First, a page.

Information

Name

Herzing, Laura, PhD

Title

Assistant Professor

Email

l-herzing@northwestern.edu

Office Phone

773-755-6354

Office Fax

773-755-6344

Department

Pediatrics

Office

CMRC 321G CMRC

Areas of Research

Molecular Neuroscience, Neurobiology of Disease

NU Scholar Profile

http://www.scholars.northwestern.edu/expert.asp?u_id=978

Recent Publications on PubMed

http://www.ncbi.nlm.nih.gov/pubmed?term=Herzing_L&cmd=DetailsSearch

Current Research

Current Research

My laboratory focuses on gene expression, and how misregulation can contribute to disorders including autism, epilepsy, and cognitive and behavioral dysfunction. Our goals are to identify genes that are inappropriately expressed, either in amount, location or developmental timeframe within neurodevelopmental disorders. This will allow us to directly characterize the consequences of misexpression at the cellular and organismal level, and will highlight pathways critical to the development of these disorders that may be impaired in other individuals, leading to the identification of additional genetic defects, and to novel or more specific treatment options.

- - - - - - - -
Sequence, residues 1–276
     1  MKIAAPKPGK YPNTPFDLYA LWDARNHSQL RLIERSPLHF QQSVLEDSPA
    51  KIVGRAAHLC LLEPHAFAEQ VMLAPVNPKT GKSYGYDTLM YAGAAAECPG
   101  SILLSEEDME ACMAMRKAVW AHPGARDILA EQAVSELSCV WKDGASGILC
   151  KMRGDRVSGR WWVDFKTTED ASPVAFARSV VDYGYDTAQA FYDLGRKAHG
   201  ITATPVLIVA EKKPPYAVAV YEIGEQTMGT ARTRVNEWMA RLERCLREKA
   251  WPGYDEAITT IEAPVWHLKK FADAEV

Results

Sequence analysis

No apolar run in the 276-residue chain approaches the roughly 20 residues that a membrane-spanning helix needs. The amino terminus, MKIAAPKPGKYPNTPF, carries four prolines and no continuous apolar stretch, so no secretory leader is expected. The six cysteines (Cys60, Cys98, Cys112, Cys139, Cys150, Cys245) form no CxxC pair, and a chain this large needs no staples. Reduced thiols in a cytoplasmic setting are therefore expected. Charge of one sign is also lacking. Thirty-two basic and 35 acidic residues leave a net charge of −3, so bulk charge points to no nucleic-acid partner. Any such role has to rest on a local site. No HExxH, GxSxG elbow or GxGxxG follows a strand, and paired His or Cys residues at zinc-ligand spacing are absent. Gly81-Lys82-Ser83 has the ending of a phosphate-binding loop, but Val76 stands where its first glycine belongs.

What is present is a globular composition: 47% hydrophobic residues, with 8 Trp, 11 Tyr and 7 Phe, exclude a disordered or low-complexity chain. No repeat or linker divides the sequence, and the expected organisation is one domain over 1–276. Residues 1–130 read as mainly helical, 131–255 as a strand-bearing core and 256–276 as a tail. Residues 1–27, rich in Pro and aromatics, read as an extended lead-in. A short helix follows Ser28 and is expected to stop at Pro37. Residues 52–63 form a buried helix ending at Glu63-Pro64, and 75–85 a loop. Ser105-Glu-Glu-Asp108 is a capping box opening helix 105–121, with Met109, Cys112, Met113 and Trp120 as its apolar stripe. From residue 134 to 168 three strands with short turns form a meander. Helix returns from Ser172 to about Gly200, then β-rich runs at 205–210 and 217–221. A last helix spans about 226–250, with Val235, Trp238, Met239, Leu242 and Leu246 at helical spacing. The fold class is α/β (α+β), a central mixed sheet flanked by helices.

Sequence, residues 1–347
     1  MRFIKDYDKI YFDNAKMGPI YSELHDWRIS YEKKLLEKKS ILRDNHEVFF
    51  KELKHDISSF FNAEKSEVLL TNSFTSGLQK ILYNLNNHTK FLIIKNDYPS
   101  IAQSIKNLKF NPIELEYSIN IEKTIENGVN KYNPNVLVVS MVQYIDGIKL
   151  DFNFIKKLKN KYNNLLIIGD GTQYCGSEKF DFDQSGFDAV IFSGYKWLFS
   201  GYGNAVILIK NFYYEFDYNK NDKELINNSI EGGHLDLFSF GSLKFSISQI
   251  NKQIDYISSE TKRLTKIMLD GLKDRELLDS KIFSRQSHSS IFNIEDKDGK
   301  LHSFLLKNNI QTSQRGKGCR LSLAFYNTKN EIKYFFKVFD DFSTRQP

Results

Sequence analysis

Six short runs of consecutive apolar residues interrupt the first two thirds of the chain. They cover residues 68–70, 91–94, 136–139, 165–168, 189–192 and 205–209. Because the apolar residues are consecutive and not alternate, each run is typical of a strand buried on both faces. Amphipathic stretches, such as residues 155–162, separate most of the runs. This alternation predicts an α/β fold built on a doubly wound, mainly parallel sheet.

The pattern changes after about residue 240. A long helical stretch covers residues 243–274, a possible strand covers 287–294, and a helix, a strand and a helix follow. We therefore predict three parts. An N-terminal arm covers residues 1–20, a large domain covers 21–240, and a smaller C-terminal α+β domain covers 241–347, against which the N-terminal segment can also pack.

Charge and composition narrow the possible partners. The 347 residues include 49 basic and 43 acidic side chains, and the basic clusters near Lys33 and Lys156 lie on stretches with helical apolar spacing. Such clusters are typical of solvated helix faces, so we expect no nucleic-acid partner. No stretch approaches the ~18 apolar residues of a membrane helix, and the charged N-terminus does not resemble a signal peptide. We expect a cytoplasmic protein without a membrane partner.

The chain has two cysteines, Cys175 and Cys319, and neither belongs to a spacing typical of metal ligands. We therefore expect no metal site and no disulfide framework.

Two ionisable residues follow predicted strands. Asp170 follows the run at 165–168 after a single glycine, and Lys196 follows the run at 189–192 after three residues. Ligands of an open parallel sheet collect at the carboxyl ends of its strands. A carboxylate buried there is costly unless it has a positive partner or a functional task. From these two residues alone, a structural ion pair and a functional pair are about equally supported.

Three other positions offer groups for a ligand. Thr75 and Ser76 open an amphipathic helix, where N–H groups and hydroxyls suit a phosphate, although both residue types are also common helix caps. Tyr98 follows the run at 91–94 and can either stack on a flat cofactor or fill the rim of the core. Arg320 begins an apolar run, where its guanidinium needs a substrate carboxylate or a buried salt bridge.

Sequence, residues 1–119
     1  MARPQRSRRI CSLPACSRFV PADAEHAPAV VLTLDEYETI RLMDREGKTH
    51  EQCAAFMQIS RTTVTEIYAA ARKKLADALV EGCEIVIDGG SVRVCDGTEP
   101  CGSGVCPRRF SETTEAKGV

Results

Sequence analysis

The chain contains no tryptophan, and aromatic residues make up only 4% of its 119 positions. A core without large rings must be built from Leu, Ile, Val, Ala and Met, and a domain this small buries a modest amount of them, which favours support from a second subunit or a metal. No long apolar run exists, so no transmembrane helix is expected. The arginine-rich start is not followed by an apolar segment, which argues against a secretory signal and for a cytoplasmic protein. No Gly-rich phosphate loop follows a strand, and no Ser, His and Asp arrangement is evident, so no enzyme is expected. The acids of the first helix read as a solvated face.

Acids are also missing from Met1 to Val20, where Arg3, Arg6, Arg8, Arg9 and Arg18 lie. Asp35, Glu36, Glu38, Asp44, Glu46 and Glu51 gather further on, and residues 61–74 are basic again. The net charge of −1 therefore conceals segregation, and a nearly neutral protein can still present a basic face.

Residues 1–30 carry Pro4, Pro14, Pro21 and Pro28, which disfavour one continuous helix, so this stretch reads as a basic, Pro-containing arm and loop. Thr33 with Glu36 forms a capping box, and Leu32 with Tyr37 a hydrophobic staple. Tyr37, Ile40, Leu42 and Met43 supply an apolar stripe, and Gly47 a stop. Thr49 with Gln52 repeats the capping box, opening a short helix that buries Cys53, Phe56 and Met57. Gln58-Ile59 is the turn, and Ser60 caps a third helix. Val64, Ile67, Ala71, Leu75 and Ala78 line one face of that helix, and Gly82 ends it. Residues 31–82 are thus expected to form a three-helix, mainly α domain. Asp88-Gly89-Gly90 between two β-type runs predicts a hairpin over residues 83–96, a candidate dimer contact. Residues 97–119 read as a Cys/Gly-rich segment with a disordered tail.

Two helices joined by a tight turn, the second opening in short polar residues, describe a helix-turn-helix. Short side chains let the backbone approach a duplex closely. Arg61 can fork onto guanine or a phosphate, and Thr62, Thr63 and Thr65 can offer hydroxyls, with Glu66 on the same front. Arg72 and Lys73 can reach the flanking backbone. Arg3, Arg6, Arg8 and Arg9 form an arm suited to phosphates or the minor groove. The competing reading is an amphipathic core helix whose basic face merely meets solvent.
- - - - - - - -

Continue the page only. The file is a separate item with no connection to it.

A specific interest in our lab is investigating genes that are imprinted, an epigenetic phenomenon whereby a gene is expressed only from the chromosome inherited from either the mother or the father. The gene for Angelman syndrome, for example, is only expressed from maternal chromosome 15 in neurons. As a result, different phenotypes result if genes are deleted, mutated or otherwise altered on a maternal ch15 vs. a paternal ch15. Proper regulation of imprinted genes is mediated by proteins such as MeCP2, which is mutated in Rett syndrome. The overlap between autism, Rett syndrome and Angelman syndrome may be due to the interplay between MeCP2 and the regulation of ch15 imprinted gene expression levels. We are using both patient samples and rodent models to determine the effects of genetic or environmental insults on the expression patterns of imprinted genes. We are also developing RNAi-based mouse models to analyze the social and behavioral effects of aberrant expression of autism candidate genes.